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Floresta e Ambiente

Print version ISSN 1415-0980On-line version ISSN 2179-8087

Floresta Ambient. vol.26 no.spe2 Seropédica  2019  Epub Sep 05, 2019

http://dx.doi.org/10.1590/2179-8087.043318 

Original Article

Wood Science and Technology

Evaluation of Biomass Properties for the Production of Solid Biofuels

José Cláudio Caraschi1 
http://orcid.org/0000-0003-1061-5378

Danielle Goveia1  2 

Glauton Dezajacomo1 

Glaucia Aparecida Prates1 

1Universidade Estadual Paulista Julio de Mesquita Filho – UNESP, Itapeva/SP, Brasil

2Faculdade de Ciências e Letras, Universidade Estadual Paulista Julio de Mesquita Filho - UNESP, Araraquara/SP, Brasil.

ABSTRACT

The efficient use of biomass as fuel requires prior knowledge of the composition and properties of the material in order to be able to develop technologies for its efficient combustion while ensuring that emissions of pollutants remain within acceptable limits. Therefore, the analysis of the physical and chemical properties of these materials is essential in order to evaluate their potential for energy purposes. Given the need for improved understanding of biofuels, this study aimed to characterize biomass waste obtained from the manufacturing process of wood panels and urban waste for the production of solid biofuels. Biomass wastes were characterized in terms of their physical and chemical properties. Wastes that presented the poorest qualities for use as fuels were eucalyptus bark, industrial waste, and sweepings, which had high ash contents and low calorific values. The remaining wastes showed satisfactory characteristics for use as solid biofuels.

Keywords:  bioenergy; heat combustion; lignocellulosic wastes

1. INTRODUCTION

The rising global demand for energy, which is mainly consolidated around fossil fuels, has resulted in great dependence on an energy source whose use is expensive, potentially unreliable, and harmful to the environment. This situation has led to the search and development of alternative sources of energy, with growing emphasis on the use of renewable ones due to recent shifts in environmental awareness (Adams & Lindegaard, 2016; Bach et al., 2016).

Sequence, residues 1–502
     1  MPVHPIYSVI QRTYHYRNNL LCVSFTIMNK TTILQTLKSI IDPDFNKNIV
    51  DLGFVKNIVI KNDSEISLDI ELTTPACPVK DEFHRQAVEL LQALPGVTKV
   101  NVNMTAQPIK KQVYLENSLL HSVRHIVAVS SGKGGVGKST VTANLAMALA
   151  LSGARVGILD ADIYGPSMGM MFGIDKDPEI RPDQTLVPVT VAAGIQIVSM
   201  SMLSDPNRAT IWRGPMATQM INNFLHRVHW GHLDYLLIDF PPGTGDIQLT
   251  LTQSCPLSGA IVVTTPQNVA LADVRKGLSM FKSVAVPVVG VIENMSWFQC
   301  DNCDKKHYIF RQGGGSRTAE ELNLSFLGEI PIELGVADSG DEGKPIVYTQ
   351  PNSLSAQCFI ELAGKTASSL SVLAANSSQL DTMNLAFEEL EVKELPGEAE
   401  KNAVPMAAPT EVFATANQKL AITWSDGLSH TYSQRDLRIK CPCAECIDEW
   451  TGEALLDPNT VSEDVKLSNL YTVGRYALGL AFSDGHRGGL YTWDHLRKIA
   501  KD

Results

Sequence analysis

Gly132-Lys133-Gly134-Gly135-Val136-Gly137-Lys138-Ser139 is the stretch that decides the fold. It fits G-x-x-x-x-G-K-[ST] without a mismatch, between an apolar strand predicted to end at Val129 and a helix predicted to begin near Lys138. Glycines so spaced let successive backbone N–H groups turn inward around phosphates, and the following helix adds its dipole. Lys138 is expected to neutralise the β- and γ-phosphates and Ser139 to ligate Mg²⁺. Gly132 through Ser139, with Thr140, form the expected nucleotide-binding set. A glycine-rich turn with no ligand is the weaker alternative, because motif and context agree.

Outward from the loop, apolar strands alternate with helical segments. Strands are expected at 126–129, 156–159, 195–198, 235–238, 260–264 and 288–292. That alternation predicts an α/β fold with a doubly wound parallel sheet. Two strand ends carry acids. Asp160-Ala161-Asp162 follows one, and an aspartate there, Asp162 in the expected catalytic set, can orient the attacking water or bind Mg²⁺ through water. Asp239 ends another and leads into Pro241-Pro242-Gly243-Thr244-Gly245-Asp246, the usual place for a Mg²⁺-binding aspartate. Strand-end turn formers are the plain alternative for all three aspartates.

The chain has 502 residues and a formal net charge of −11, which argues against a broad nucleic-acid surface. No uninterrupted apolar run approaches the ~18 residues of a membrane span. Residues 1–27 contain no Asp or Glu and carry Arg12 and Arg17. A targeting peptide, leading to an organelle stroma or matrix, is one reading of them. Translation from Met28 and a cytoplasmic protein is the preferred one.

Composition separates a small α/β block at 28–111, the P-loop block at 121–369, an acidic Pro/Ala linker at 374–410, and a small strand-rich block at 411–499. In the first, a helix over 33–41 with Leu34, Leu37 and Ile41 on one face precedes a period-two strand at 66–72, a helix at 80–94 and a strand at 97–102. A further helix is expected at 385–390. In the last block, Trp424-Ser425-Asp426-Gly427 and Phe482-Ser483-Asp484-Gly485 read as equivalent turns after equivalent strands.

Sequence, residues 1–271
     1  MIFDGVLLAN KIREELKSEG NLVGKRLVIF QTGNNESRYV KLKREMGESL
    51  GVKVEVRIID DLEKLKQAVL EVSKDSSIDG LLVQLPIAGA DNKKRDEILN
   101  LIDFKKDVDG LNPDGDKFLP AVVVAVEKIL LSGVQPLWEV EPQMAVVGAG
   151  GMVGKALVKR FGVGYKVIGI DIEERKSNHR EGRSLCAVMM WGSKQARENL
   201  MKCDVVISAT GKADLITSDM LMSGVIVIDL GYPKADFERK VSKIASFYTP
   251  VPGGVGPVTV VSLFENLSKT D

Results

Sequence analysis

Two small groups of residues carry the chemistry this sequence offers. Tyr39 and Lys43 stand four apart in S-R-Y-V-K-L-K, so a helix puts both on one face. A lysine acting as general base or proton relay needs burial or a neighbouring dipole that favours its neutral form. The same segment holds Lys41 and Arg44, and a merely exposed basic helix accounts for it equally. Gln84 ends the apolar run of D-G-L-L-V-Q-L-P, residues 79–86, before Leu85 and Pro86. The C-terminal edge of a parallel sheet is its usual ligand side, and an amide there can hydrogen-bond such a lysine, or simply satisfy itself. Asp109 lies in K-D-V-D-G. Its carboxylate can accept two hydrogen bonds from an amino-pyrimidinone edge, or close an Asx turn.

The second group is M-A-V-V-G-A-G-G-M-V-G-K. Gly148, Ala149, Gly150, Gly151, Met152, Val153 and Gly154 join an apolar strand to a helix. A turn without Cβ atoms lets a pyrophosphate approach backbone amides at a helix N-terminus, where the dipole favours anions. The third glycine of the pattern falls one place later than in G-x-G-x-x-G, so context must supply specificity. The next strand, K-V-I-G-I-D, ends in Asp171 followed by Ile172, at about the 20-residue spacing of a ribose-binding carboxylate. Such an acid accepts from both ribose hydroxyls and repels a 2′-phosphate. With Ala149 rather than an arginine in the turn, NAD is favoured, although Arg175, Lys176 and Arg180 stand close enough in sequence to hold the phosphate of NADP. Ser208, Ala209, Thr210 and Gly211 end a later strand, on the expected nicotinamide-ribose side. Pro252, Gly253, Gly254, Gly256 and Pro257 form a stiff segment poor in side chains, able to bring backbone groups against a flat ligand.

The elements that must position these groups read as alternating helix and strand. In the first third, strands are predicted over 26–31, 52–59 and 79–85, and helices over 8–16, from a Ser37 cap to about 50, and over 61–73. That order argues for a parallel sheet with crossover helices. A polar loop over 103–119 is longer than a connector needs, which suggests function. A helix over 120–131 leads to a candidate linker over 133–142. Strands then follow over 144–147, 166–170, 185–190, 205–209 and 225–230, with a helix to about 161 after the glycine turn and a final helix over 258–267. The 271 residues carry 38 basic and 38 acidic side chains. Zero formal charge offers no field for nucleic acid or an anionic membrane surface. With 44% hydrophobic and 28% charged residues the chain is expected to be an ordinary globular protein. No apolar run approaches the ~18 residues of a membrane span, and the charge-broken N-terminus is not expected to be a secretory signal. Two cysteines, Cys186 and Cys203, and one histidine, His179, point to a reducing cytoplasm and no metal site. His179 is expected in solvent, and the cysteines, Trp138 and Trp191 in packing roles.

Amongst the various renewable options, vegetal biomass, which was in the past considered inferior fuel, has become increasingly attractive (Gravalos et al., 2016; Tao et al., 2012a; Tao et al., 2012b; Williams et al., 2012).This material can be used in a variety of systems to produce bioenergy and consequently contribute to the development of more sustainable human societies.

The efficient use of biomass as fuel requires prior knowledge of the composition and properties of the material in order to be able to develop technologies for its efficient combustion while ensuring that emissions of pollutants remain within acceptable limits.

Biofuels can be characterized in terms of their chemical and physical properties, once data obtained are used to establish the most suitable combustion conditions. However, a greater number of operational factors influence the combustion of solid biofuels, compared to gases or liquids. It is therefore essential to analyze these materials in terms of their calorific value, elemental and immediate chemistry, moisture content, particle size, and apparent density. Knowledge of these properties enables biofuels to be used more efficiently for energy production (Tao et al., 2012a; Tao et al., 2012b).

The calorific value of a substance is defined as the amount of energy per mass unit released in the form of heat during material combustion. Immediate analysis (proximate analysis) of a fuel provides volatile matter, fixed carbon, and ash percentages. During combustion of a solid fuel, volatile substances present are released as gases that burn in the form of a flame. The heat generated is then dispersed around the combustion zone, which avoids high heat intensity at localized points. The combustion of fuels containing high levels of volatile substances is both faster and easier. The fixed carbon fraction consists of the material that is combusted in the solid state, and fuels with higher fixed carbon contents are preferable, because they burn more slowly. The ash fraction is the residue that remains after combustion is complete, and consists of inorganic components such as calcium, potassium and magnesium, which are present in the form of salts including sulfates, phosphates, carbonates, and silicates, among others. In biofuels, the ash fraction can vary from around 0.5% to more than 5%, depending on variables such as plant species and amounts of bark and soil. High ash levels result in the need for more frequent cleaning of combustion equipment and can lead to greater corrosion of metal components.